Drains and Plumbing

Kitchen Grease Fires Safety and Prevention

Meat grease can cause kitchen fires if it gets too hot. Like all oils, meat grease has a flash point, and cooking it on top of the stove or in the broiler can cause it to ignite once it reaches a certain temperature. Whenever you are cooking fatty meats, you should pay attention to the possibilities of splashes, spills, burns and fire. There are several steps you can take to prevent kitchen burns.
1. Keep small children and pets away from the stove or oven and out from underfoot in the kitchen
2. Always start with a dry pan! Even a little water will spatter if there's grease in the pan as well.
3. Make sure your pot holders and oven mitts are truly heat proof (many of the cheap ones are decorative but won't protect your hands). Keep them in easy reach of the stove (not in the drawer across the way).
4. Use wooden, not metal, spoons when stirring hot items.
5. Use a splash guard (a metal grid that fits over a pan) to keep hot grease from popping on you.
6. Make sure your roasts or frying meats are in pans or on boilers deep enough to hold the fats that will cook out. Otherwise, grease may pour into the oven or stove and catch fire.

Minimize the chances of getting burned by cooking at a lower temperature, and make sure you have pot holders and oven mitts within easy reach. The best way to handle a grease fire is to deprive it of oxygen. Without air, fire just goes out. Keep a lid near any meat you have frying: if the pan catches fire, quickly put the lid on to smother the flame. You can't put out a grease fire with water: the water will actually cause the grease fire to leap from one place to another! Keep a large, opened box of baking soda, salt or flour near the burner: either one of these substances can smother a flame. If there is a fire, pour on plenty of the dry good and keep pouring until the fire is smothered. It never hurts to have a fully charged, recently inspected, fire extinguisher in the kitchen. Make sure you know how to use it. (There's usually a pin to pull: after that, all you have to do is aim it at the fire).

Broilers can cause fires when grease pops up onto the heating element or if it catches fire on an open flame. Some cheap stoves may make the problem worse: inexpensive gaskets have been known to catch fire from a broiler flame. If the food itself has caught fire, it's pretty simple to deal with it: just shake salt, baking soda or flour onto the pan. If you can reach the control, turn off the broiler as soon as you realize there's a problem. If the oven itself is on fire, you can try shutting the door to put out the flame. If it's an electric stove, unplug it. If it's a gas stove, call the fire department. The important thing after any fore is to make sure there's nothing smoldering, so never be shy about calling the local fire department to check if you have a stove or oven fire, even if you've managed to put it out.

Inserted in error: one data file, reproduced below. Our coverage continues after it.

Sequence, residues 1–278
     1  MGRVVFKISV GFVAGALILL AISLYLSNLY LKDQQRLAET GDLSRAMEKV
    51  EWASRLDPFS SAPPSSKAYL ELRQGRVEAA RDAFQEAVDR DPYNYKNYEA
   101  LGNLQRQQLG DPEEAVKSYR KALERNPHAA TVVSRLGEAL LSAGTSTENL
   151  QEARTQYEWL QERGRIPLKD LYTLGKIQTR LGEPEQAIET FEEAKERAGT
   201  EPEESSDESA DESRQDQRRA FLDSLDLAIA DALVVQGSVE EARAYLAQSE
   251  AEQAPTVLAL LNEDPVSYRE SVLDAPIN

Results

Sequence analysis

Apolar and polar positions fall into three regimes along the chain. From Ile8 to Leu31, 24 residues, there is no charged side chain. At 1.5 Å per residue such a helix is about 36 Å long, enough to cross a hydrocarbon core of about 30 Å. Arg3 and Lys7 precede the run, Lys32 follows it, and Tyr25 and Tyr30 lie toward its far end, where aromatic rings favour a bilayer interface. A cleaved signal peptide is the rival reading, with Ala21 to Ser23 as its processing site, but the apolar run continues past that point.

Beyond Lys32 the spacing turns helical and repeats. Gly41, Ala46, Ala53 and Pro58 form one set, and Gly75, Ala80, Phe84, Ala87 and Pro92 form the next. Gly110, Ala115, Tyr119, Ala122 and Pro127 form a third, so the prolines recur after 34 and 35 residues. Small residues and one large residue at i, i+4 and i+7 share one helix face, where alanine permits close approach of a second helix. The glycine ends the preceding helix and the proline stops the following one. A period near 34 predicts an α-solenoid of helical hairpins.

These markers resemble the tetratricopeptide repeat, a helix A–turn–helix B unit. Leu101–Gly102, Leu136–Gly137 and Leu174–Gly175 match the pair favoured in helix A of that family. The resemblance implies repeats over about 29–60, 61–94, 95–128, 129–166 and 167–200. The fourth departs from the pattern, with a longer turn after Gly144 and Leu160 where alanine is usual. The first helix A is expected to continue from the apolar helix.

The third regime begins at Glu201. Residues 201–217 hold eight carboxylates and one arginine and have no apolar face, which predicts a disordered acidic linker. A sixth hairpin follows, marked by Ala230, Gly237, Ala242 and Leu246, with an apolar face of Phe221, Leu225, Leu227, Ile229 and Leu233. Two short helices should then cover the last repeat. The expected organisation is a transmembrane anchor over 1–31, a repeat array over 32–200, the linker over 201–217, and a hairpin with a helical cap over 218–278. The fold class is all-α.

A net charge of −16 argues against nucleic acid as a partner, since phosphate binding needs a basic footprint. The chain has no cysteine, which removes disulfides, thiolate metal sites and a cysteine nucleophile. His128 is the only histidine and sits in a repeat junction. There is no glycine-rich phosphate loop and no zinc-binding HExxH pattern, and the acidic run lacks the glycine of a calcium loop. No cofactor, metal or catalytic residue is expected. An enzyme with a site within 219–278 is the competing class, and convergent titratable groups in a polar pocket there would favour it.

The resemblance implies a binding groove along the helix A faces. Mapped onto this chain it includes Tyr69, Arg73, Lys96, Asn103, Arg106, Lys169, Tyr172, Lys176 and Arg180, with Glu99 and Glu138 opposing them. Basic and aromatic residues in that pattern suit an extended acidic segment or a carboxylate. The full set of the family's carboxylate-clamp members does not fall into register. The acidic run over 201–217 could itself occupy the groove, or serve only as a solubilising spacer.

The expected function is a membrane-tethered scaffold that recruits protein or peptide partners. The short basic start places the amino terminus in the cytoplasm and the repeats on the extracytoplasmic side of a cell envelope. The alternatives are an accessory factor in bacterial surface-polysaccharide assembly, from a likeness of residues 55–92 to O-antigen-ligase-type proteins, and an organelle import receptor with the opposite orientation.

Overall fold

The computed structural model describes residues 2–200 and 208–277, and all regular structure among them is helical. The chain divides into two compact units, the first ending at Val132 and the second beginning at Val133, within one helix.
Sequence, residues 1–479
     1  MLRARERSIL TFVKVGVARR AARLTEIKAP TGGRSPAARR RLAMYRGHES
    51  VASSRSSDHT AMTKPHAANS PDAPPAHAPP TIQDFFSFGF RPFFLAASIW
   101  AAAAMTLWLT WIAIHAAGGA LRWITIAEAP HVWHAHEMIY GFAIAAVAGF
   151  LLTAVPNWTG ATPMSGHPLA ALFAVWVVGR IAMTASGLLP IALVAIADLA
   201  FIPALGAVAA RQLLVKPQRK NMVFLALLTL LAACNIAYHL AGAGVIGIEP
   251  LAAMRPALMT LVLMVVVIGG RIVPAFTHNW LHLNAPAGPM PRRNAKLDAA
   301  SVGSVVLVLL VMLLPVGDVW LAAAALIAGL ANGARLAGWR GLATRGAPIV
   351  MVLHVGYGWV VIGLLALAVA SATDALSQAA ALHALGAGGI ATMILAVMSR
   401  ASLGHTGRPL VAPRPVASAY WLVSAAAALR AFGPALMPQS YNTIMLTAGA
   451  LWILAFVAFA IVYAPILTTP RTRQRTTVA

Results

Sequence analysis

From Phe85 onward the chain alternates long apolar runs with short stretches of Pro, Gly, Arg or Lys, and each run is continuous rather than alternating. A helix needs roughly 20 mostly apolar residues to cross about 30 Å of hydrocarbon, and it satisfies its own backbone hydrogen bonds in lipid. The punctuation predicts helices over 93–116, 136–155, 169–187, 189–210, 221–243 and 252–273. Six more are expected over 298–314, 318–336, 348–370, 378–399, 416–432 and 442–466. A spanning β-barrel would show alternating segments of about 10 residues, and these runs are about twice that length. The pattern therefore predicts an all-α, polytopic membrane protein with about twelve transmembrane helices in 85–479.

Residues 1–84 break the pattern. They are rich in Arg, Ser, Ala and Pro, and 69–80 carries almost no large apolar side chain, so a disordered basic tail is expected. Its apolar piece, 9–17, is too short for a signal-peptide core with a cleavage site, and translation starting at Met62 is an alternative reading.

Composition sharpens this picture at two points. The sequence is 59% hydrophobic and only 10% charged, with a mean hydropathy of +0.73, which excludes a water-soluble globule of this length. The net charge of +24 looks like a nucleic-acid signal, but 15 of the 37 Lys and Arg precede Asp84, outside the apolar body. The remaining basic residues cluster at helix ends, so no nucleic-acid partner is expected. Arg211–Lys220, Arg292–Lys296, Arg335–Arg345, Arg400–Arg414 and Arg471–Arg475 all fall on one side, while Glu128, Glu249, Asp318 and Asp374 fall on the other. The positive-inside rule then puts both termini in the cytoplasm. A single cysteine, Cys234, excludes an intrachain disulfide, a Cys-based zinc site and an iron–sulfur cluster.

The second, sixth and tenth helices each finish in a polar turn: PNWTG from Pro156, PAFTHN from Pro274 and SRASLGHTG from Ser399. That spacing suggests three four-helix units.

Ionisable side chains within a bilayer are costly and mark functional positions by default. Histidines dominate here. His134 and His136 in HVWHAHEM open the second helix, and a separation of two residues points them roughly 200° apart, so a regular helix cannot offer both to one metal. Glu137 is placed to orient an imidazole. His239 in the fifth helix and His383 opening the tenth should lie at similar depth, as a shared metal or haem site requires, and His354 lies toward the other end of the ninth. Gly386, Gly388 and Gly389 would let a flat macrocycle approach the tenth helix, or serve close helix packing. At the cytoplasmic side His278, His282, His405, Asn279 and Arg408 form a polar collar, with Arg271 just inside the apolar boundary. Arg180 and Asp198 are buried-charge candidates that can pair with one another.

Many grease fires start when people are deep frying foods. Deep fat fryers are equipped with safety features that prevent the fats from overheating and catching fire, but stove top deep fat frying can be dangerous. Most foods that are deep fried are perfectly good (and healthier for you) if they are pan-fried instead, and pan-frying minimizes the risk of using fats.

Kitchen fires at home are often easily dealt with as long as you don't panic. Keeping lids available, using fire smothering substances and having an extinguisher nearby are good ideas, especially when cooking with fats.

If you are eating heart-smart or just don't like the idea of using animal fats to cook with, you can still dispose of them easily. Bacon grease and other fats from meats should be allowed to cool before being scraped into the trash. Get as much of the grease out of the pan as possible before washing it with very hot, soapy water. The heat will help the grease melt into the water and the detergent will "saponify" it, emulsifying it and keeping it liquid on its trip through the drain. Follow up the pan washing with plenty of hot water and detergent down the drain, and if you have a garbage disposal, run it with hot soapy water as well to keep the grease from building up on the blades and walls of the disposal.

Teach everyone in your family not to put things down the drain, and you'll have a much slighter chance of clogs. Treat your drains to a drink of microbial drain cleaner like Drainbo every week or two: it will help keep odor-causing bacteria out, and your drains fresh and clear.

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Natural Drain Cleaner for Clogged Drains

The first thing you need to know before working on a clogged drain is that the drain cleaners you see advertised on TV or on the supermarket shelves are made of dangerous chemicals that will eat through rubber gloves, skin, certain kinds of pipe, wood and anything else they touch. If their fumes are inhaled, they can cause damage to the lungs, nose and mouth. If they are eaten, they will kill, even in small amounts. Even when they are used "properly", they can ruin septic systems, pollute groundwater, and destroy pipes.

For a more healthy and safe alternative, try a natural drain cleaner, such as Drainbo, that is made from natually occuring bacteria that will fix a clogged drain, but won't hurt your drain pipes or the environment.

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